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I want to calculate the variance-covariance matrix of a single variable:

$$ \begin{align*} Var({\bf y}) & = E({\bf yy'}) - E({\bf y})E({\bf y'}) \\ & = \left( \begin{array}{cccc} \sigma_{y_{1}}^{2} & \sigma_{y_{1}y_{2}} & \cdots & \sigma_{y_{1}y_{n}} \\ \sigma_{y_{1}y_{2}} & \sigma_{y_{2}}^{2} & \cdots & \sigma_{y_{2}y_{n}} \\ \vdots & \vdots & \ddots & \vdots \\ \sigma_{y_{1}y_{n}} & \sigma_{y_{2}y_{n}} & \cdots & \sigma_{y_{n}}^{2} \end{array} \right)\\ \end{align*}$$

for a single variable ${\bf y}$:

$$ \begin{align*} {\bf y} = \left( \begin{matrix} y_1 \\ y_2 \\ \vdots \\ y_n \end{matrix} \right) \end{align*} $$ but I do not understand how to calculate $\sigma_{y_{1}y_{2}}$ since $y_{1}$ and $y_{2}$ are just two numbers.

Any help?

Update: Take for example the residuals of an OLS:

$$ \begin{align*} {\bf e} &= ({\bf I} - {\bf X} ({\bf X}^\prime {\bf X})^{-1} {\bf X}^\prime) {\bf y}\\ &= ({\bf I} - {\bf H}) {\bf y} \end{align*} $$

For 10 observations, ${\bf e}$ is a $10 \times 1$ matrix. And ${\bf e} = (e_1 \quad e_2 \quad \ldots \quad e_{10})^\prime$. $e_1$ is just a number, like $e_2$. How do I calculate the second term in first row of the variance-covariance matrix of the residuals, $Cov(e_1, e_2)$? The residual variance-covariance matrix is $({\bf I} - {\bf H}){\bf \Omega}({\bf I} - {\bf H})^{\prime}$, but I would like to learn a more "manual" way if possible.

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    $\begingroup$ You might find the discussion at stats.stackexchange.com/questions/172498 to be of help in clarifying the situation. $\endgroup$ – whuber Mar 22 '16 at 17:35
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    $\begingroup$ Your edit appears to confound "observations" (which presumably you are viewing as data) with random variables. In order for us to make sense of your question, you will need to tell us what you think this terminology actually refers to. $\endgroup$ – whuber Mar 22 '16 at 19:35
  • $\begingroup$ Well, this is one of my problems of lack of knowledge, sorry. $\endgroup$ – Konstantinos Mar 22 '16 at 22:55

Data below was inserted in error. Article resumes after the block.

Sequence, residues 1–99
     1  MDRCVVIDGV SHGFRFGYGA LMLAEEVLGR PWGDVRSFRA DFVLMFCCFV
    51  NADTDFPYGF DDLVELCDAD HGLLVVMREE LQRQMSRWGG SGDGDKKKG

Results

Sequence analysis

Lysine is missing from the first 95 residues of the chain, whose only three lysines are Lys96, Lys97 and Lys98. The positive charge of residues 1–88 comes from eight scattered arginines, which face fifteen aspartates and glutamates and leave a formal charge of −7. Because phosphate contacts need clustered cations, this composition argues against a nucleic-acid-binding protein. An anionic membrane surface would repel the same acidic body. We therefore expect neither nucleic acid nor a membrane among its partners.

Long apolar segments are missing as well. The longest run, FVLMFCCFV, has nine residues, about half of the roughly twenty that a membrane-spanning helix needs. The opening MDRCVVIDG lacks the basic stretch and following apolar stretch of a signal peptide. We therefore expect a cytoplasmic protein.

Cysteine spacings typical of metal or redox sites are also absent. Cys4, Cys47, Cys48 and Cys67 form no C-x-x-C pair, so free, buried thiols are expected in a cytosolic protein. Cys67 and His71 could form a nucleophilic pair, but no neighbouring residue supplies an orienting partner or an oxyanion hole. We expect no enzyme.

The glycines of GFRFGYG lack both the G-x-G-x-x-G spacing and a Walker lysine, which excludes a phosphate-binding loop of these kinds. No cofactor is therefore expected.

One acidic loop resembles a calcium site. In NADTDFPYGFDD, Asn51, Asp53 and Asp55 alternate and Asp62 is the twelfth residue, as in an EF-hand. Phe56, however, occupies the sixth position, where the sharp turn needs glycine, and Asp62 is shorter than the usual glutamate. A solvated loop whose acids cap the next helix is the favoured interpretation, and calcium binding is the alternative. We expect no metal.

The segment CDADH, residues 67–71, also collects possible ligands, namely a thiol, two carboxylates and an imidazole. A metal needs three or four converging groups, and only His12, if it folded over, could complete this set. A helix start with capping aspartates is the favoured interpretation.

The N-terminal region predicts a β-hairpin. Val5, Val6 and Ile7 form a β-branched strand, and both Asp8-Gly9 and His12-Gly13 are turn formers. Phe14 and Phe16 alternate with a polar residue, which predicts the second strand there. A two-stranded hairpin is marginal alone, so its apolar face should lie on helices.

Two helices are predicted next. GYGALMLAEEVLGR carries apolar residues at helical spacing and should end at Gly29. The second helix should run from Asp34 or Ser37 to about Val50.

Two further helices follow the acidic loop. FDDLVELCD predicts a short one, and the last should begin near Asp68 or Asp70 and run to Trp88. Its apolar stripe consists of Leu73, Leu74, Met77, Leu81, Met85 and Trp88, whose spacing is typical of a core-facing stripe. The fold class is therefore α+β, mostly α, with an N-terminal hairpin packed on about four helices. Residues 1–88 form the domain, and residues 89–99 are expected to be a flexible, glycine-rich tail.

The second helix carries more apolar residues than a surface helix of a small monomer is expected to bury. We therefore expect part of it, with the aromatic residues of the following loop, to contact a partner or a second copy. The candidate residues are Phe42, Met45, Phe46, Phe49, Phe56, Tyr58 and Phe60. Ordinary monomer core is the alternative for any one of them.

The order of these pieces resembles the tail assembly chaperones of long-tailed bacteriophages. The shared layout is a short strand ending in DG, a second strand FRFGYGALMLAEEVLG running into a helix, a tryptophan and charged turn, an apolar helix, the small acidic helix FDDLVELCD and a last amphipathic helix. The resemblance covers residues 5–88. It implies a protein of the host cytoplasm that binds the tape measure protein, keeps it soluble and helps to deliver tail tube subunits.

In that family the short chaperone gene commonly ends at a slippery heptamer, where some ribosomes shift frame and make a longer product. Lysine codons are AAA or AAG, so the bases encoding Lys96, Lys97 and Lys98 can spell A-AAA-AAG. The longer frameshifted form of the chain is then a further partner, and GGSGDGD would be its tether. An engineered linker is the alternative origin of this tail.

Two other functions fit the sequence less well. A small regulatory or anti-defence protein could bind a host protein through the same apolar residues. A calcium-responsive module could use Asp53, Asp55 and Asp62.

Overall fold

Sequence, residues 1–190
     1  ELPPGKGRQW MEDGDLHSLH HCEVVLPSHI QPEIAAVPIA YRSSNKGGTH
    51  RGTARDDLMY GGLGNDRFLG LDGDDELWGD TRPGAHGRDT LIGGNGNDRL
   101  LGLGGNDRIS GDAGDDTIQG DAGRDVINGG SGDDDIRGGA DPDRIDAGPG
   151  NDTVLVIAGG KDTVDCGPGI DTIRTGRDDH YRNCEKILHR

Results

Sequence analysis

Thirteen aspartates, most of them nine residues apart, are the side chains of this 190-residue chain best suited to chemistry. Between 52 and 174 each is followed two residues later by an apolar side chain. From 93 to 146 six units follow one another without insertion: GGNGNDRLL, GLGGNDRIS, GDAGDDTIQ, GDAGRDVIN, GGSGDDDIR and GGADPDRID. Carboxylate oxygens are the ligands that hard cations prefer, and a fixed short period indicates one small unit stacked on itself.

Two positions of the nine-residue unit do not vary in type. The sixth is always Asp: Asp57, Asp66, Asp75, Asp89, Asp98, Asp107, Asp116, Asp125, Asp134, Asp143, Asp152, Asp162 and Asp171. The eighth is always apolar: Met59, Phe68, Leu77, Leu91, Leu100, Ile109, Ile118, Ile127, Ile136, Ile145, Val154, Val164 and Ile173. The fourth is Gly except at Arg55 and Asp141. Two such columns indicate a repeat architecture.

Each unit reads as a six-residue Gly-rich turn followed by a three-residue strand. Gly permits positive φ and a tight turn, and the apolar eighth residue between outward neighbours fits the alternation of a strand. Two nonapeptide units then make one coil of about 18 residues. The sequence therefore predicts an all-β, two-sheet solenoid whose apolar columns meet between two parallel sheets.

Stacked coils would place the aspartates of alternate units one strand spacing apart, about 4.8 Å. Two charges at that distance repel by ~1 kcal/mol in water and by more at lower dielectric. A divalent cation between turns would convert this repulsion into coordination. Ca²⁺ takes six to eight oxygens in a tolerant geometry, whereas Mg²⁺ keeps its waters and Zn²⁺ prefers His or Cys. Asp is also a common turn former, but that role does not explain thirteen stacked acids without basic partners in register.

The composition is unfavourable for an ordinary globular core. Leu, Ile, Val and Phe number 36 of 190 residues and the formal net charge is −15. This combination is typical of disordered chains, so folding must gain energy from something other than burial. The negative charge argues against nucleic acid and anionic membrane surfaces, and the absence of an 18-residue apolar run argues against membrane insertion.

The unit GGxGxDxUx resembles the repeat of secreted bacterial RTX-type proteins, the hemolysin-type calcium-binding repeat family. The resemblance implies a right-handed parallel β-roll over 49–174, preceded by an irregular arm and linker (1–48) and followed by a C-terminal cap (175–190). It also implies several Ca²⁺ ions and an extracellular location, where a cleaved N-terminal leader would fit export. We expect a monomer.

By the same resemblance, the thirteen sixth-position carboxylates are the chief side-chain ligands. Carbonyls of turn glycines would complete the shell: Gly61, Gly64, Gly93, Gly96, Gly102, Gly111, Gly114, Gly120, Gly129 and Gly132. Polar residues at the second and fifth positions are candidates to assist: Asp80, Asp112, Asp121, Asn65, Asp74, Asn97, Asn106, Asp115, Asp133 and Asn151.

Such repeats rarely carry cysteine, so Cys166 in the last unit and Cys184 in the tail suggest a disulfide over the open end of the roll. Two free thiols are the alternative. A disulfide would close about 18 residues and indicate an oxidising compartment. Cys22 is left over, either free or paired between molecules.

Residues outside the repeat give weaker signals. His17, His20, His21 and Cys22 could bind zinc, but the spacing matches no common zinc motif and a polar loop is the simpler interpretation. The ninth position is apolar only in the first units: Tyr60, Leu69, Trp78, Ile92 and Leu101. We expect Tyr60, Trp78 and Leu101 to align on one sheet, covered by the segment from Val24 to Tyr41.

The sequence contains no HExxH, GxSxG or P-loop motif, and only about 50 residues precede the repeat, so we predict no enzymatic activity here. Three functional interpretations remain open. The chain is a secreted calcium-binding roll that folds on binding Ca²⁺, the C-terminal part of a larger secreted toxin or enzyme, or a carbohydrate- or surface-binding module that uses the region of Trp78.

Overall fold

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You're confusing the index of a variable with an index of an observation. In your first equation, there are no indices of observations: $y_1$ refers to the first variable of the vector of variables $y_i$. Hence, you have $\sigma_{y_1y_2}$ refers to the covariance of the variables $y_1,y_2$.

In your update, the variable $e$ is just one variable, and $e_1,e_2,\dots$ refer to the observations of this variable. So, $e_1$ is the first observation of the single variable $e$, it's not the first variable in the vector of variables. Hence, the your first equation does not apply to this case. In fact, the only thing that's related to this case is the variance $\sigma^2_{y_1}$ - the variance of the variable $y_1$.

To compute the variance of a variable $e$ you don't use the first equation, you use other relevant equations. For instance the standard estmator of the sample variance $s^2=\frac{1}{n-1}\sum_{i=1}^n(e_i-\bar e)^2$

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  • $\begingroup$ I am sorry, but I am not sure I understand the answer. I updated the question. $\endgroup$ – Konstantinos Mar 22 '16 at 18:40
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They are not numbers, they are random variables. For example, they might represent different draws from the population $Y$, so that you get multiple random variables even if you just consider a single variable. (This seems to be one of the instances in which it might have been useful to distinguish between capital letters for the random variables and lowercase letters for their realizations.)

Suppose $n=2$, $\mathbf{Y}=(Y_1,Y_2)'$ is multivariate normal with means of zero, variances of 1 and a correlation of $\rho$.

Then, $E(Y_1)=E(Y_2)=0$, $Var(Y_1)=Var(Y_2)=1$ and $Corr(Y_1,Y_2)=\rho$. Since the variances are 1, the correlation is also the covariance $\sigma_{Y_1,Y_2}$ in this example.

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  • $\begingroup$ I am sorry, but I am not sure I understand the answer. I updated the question. $\endgroup$ – Konstantinos Mar 22 '16 at 18:40

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